All the Best,

Jeff

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Sujatha Jagannathan wrote on Apr. 1, 2015 @ 12:02 GMT
A maestro in depicting the ideas on to the paper.

Great work!

-Sincerely,

Miss. Sujatha Jagannathan

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Author Jeffrey Michael Schmitz replied on Apr. 1, 2015 @ 13:31 GMT
The date on this post is April fool's day and I am sure you posted this to all the other essays, but it did make me feel good. I wish I had as good of a review from a "real" post.

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Sujatha Jagannathan replied on Apr. 5, 2015 @ 16:51 GMT
actually I had commented naturally, but the compliment to you in your view actually happened it to be a prank!

Which I think a "real" april fool to you!

- Best Regards,

Miss. Sujatha Jagannathan

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William T. Parsons wrote on Apr. 2, 2015 @ 19:10 GMT
Hi Jeff--

I enjoyed reading your essay. You must have the best title of any essay in the contest. It is humorous and yet perfectly coveys the point of your message. Your distinction between mathematical and physical proof is exactly correct, in my opinion. As for non-logical communications, my guess is that's what Madhyamaka Buddhists (and others) think that they are doing when they meditate.

All-in-all, congratulations!

Best regards,

Bill.

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Author Jeffrey Michael Schmitz replied on Apr. 3, 2015 @ 00:38 GMT
Bill,

Thank you for reading my essay. Too many essays to read and too little time to read them all. My essay is about our limits of understanding, which many find as a sad thing, but I think limits are interesting. Perhaps you have found a case of non-logical communication (one hand clapping), now prove it. I see your essay is climbing the ratings, best of luck.

All the best,

Jeff

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Joe Fisher wrote on Apr. 10, 2015 @ 14:40 GMT
Dear Michael,

I think Newton was wrong about abstract gravity; Einstein was wrong about abstract space/time, and Hawking was wrong about the explosive capability of NOTHING.

All I ask is that you give my essay WHY THE REAL UNIVERSE IS NOT MATHEMATICAL a fair reading and that you allow me to answer any objections you may leave in my comment box about it.

Joe Fisher

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James Lee Hoover wrote on Apr. 20, 2015 @ 00:05 GMT
Jeff,

Thank you for your kind words, but especially for seriously reading my essay.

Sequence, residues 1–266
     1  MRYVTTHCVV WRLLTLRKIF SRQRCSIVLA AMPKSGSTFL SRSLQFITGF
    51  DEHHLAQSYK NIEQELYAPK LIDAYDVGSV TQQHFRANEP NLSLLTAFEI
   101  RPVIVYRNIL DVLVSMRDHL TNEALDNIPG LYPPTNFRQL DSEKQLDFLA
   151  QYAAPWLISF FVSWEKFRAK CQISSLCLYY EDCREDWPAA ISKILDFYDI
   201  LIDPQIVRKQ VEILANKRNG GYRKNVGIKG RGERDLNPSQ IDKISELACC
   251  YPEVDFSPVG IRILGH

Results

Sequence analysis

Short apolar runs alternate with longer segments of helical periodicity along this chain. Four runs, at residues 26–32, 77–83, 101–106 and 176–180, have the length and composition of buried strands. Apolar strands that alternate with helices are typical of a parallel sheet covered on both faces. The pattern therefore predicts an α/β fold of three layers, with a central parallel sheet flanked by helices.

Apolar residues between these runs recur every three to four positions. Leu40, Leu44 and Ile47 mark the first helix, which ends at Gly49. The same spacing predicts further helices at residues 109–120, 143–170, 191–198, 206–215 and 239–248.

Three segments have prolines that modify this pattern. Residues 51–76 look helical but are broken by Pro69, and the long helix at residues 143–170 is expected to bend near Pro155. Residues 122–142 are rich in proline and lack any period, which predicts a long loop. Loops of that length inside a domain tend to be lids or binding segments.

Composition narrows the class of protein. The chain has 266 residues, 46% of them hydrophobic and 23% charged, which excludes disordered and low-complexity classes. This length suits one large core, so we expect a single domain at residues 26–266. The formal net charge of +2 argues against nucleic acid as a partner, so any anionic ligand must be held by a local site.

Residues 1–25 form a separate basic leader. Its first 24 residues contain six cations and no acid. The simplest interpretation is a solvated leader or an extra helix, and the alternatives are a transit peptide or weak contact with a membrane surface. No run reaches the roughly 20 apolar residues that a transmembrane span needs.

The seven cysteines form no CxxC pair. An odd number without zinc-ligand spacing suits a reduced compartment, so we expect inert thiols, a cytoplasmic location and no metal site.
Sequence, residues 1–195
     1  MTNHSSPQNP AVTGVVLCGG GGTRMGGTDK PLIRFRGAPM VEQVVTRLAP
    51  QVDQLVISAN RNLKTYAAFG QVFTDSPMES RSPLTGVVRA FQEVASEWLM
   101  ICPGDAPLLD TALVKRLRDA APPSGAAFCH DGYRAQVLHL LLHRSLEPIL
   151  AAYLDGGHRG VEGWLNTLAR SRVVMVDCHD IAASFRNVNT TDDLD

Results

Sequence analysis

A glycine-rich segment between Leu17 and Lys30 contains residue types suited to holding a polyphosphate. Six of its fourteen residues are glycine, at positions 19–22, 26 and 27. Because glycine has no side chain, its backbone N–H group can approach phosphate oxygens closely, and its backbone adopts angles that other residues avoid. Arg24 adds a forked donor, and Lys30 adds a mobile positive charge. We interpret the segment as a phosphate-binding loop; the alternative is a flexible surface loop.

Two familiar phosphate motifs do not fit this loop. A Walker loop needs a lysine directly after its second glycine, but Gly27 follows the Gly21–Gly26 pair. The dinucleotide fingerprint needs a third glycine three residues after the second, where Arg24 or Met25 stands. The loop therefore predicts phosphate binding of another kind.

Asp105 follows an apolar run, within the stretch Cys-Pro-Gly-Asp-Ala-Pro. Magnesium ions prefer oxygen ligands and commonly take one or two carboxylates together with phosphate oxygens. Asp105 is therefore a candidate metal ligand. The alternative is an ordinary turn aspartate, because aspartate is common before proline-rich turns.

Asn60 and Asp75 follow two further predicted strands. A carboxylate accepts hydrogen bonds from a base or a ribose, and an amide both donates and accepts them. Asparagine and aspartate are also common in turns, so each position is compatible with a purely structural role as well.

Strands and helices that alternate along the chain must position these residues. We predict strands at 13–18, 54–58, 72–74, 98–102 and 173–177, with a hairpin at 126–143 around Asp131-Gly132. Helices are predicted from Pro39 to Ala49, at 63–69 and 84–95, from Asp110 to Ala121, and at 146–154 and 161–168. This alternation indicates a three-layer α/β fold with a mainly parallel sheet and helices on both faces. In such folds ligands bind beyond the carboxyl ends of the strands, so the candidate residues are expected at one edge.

Jim

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Peter Jackson wrote on Apr. 22, 2015 @ 10:19 GMT
Jeff

Thanks for your kind comments on my essay. Reading yours I can see you're a perceptive 'out of the bigger box' thinker. I particularly liked;

'Mathematics  requires  your  trust  to  function.  It  is  up  to  you  to  decide  if  you  are  being  conned.'

'Science  cannot  find  truth,  but  can  find  understanding  and  failure  is  an  important  tool  in  understanding.'  

'It  is  hard  to  image  physics  without  mathematics, but  examples are all  around  us'

'If we wish to understand what the Moon is like we want to see pictures'

I find 3D pictures to be of massive importance, containing and rationalising great complexity and also highly memorable, adding motion is a multiplier. My video in an exercise in compresses 10 volumes of explanations and calculations into 9 minutes (though should be 30!) And yes; it's important new physics!

I also liked you reminder that Arabic numerals are not the only way of describing cardinalisation. I quite like the Mayan system, of simple symbols (dashes etc) where relative 'position' dictates function. When people get too pedantic about maths as the 'only' language of physics I sometimes compare the manipulations of ancient Arabic symbols we use to Tarot cards. If poorly used they can have equal meaning as descriptors of m natures mechanisms!

Anyway very well done. Shame it seems it won't be in the finalists even after my score.

Peter

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Author Jeffrey Michael Schmitz replied on Apr. 22, 2015 @ 14:03 GMT
Peter,

Thank you for reading my essay and the comments. When I saw the number of essays, I knew I did not have a chance.

Hope your essay does well,

Jeff